Dispatches from the Digital Revolution

Back to Basics: The Lean, Mean Publishing Machine?

Everything comes in cycles, they say, and lately, it looks like a lot of publishing companies are focusing on simplifying their business strategies, eliminating the “extra” business lines, and focusing on the core products and services that really represent the strengths of their brands.



In a post titled, “The Publisher of the Future,” Digital Book World highlights Mike Shatzkin’s take on the evolving business models of today’s publishing companies. The trend is that many companies are shying away from the general trade model and depending less on the role of the traditional bookstore. Wiley is one such company that has been evolving its strategy to compete in today’s challenging landscape, which can be seen in its decision to sell Frommer’s to Google and instead invest in building up its professional and educational offerings. Similarly, Hyperion, the Disney-owned publishing company, is selling off most of its backlist to better focus on strictly TV-related publications.

In reflection of these developments, Shatzkin predicts that publishers will:

…be shedding overheads so they can expand or shrink their offerings more readily to respond to opportunities and circumstances. They will be less dependant on the trade bookstore and book review trade networks. And Hyperion’s decision says something more about the future that Wiley’s doesn’t: book publishing will increasingly be an activity operating in tandem with or in service of other objectives of the owning organization.

Sounds familiar, eh? Going back to basics is an interesting trend, particularly when we’ve become so used seeing the tech giants expand, expand, and expand some more. (Remember when Google was just a search engine? Remember when Amazon only sold books, nothing else, and certainly didn’t try to publish them?)

But these tech giants, as Shatzkin points out in his post, have set the tone for publishers today in a lot of ways, by linking the business of publishing to other service/product models. (Speaking of which, it looks like Google is launching an ebook line to tie into an augmented reality game.) Publishers need to find ways to adapt to changing customer demands and increasingly competitive circumstances. It seems like we’re seeing a little bit of, “If you can’t beat ’em, join ’em.”

Coming back to Google, book publishers aren’t the only ones who are simplifying their business models, or at least changing their priorities. Even Google has been refocusing its resources, as we’ve just seen with the rather unpopular and inconvenient announcement that it will be retiring Google Reader, its RSS service, to focus on other things more directly in line with its business objectives.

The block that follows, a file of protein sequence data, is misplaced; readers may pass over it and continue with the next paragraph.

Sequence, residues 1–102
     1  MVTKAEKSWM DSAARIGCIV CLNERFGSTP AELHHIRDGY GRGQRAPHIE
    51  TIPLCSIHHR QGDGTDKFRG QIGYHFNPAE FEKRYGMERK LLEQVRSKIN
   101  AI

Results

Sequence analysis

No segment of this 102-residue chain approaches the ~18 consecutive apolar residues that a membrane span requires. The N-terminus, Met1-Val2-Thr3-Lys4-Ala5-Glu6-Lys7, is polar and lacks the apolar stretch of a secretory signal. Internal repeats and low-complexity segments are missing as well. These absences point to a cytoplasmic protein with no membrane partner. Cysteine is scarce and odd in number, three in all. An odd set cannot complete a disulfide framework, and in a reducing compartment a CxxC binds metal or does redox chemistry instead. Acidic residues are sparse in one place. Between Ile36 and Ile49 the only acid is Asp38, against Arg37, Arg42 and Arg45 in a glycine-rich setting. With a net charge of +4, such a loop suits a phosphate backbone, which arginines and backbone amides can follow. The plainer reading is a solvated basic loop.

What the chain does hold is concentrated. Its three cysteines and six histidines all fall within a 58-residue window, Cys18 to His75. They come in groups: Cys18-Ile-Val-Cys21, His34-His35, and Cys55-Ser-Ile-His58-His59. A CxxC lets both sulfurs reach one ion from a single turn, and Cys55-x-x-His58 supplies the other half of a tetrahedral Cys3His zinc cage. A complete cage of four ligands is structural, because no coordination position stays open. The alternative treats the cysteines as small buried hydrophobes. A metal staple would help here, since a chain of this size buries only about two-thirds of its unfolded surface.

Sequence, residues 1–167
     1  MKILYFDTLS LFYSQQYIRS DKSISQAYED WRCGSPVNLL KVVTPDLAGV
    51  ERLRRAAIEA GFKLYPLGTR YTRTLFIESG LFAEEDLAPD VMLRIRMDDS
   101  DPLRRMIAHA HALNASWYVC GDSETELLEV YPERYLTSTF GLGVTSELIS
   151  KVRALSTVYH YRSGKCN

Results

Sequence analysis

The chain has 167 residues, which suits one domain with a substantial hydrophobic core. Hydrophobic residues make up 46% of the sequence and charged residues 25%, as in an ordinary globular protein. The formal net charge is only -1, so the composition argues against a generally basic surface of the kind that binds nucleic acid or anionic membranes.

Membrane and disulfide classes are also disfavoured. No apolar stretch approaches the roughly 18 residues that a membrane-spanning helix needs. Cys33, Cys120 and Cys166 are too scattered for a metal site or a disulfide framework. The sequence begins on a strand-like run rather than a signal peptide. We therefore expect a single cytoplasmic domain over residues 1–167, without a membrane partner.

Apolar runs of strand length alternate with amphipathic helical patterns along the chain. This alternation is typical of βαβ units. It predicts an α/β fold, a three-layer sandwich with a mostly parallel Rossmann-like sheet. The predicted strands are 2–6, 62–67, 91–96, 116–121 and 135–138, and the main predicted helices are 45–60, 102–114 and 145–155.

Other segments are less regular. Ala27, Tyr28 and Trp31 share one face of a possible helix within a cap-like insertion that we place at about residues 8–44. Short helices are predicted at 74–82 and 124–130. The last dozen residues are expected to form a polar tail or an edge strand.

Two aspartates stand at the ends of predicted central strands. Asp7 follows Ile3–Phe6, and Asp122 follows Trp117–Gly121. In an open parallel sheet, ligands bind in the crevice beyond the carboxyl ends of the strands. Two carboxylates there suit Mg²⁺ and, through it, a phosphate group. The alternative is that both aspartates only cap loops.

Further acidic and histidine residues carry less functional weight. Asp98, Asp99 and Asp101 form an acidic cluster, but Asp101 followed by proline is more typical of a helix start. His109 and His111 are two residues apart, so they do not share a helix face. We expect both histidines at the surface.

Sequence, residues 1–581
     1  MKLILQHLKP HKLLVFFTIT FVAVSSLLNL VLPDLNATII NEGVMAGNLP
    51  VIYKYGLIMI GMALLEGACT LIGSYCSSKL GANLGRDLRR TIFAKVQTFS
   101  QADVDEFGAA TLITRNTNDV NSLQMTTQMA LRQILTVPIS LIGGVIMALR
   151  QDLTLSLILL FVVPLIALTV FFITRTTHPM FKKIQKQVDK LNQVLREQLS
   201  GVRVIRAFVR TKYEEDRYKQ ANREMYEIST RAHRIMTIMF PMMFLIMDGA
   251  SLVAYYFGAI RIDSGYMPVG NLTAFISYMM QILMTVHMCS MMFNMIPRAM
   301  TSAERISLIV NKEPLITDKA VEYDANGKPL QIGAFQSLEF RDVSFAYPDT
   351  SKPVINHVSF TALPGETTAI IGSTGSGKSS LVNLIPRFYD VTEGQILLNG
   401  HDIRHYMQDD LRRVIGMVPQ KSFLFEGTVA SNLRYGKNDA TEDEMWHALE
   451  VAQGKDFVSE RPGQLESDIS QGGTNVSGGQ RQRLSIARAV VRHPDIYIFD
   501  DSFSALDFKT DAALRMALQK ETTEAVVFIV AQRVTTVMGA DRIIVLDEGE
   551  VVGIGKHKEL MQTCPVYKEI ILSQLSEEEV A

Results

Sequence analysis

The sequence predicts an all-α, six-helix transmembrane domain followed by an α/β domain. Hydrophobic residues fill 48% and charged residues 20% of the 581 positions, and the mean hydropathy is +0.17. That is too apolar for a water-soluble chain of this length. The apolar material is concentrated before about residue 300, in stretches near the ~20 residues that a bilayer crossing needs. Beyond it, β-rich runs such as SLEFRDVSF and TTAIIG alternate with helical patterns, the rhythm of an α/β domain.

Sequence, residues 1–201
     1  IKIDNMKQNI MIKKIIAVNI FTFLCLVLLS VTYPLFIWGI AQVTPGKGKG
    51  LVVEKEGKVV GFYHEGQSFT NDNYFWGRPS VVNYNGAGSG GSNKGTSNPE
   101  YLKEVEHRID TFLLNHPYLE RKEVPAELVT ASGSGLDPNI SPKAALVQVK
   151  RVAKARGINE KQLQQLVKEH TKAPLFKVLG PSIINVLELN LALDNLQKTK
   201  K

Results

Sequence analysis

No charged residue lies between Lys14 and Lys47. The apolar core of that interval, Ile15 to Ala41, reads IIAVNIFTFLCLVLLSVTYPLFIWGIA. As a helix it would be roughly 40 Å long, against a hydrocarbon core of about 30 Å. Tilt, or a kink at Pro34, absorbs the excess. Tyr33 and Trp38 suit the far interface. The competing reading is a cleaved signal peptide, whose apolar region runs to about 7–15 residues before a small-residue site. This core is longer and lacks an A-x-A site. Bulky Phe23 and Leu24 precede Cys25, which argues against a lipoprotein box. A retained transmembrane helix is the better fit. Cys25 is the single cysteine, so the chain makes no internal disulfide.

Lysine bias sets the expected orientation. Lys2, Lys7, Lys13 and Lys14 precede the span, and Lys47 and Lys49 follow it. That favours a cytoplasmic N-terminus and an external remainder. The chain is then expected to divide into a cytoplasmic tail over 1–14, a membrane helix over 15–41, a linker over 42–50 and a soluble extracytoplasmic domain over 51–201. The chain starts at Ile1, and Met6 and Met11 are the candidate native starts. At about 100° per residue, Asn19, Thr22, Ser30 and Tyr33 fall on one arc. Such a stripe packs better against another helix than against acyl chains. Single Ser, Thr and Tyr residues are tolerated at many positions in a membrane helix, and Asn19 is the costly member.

And to take a step outside of book publishing for a moment, magazine publishers are making similar moves. Time Warner, for example, announced that it would be spinning off 21 magazines into separate companies. As quoted in this PaidContent post, CEO Jeff Bewkes stated the following in the company’s news release:

After a thorough review of options, we believe that a separation will better position both Time Warner and Time Inc. A complete spin-off of Time Inc. provides strategic clarity for Time Warner Inc., enabling us to focus entirely on our television networks and film and TV production businesses, and improves our growth profile.

It’s a strange time to be in publishing, for sure. While it is great to see companies redefining themselves to better adapt to changing market conditions, announcements like these don’t necessarily bode well for employment rates in the industry. And honestly, what’s scarier to me is that while other well-known companies are downsizing, redefining, and streamlining, Amazon continues to spread its wings and dip into markets well beyond their original business model.

For instance, Amazon just recently announced its new imprint, “Little A,” which will be a literary imprint of novels, memoirs, and short story collections. Although Amazon already has a number of imprints to its name, part of me wonders if this one will have a bigger impact than most, particularly since it looks like its focusing on making a debut splash with well-known names like James Franco. (Side note: I still don’t know how James Franco has managed to do absolutely everything. Between Justin Bieber parodies,  acting on Broadway, and starring in countless TV and films, how the heck has he found time to be an author? Anyway…)

I’m not surprised that a lot of publishers are refocusing their energies, and I think it’s a smart move: To maintain the status quo would certainly be a quick death. But at the same time, it does feel like the odds aren’t exactly in the publishers’ favor.

What do you think? Are you surprised by any of these developments? Do you think Amazon’s new imprint will make a splash? Or will we see similar downsizing efforts on Amazon’s part in the near future? (One can dream, right?)


This entry was posted on March 19, 2013 by in Business, Culture and tagged , , , , , , , , .

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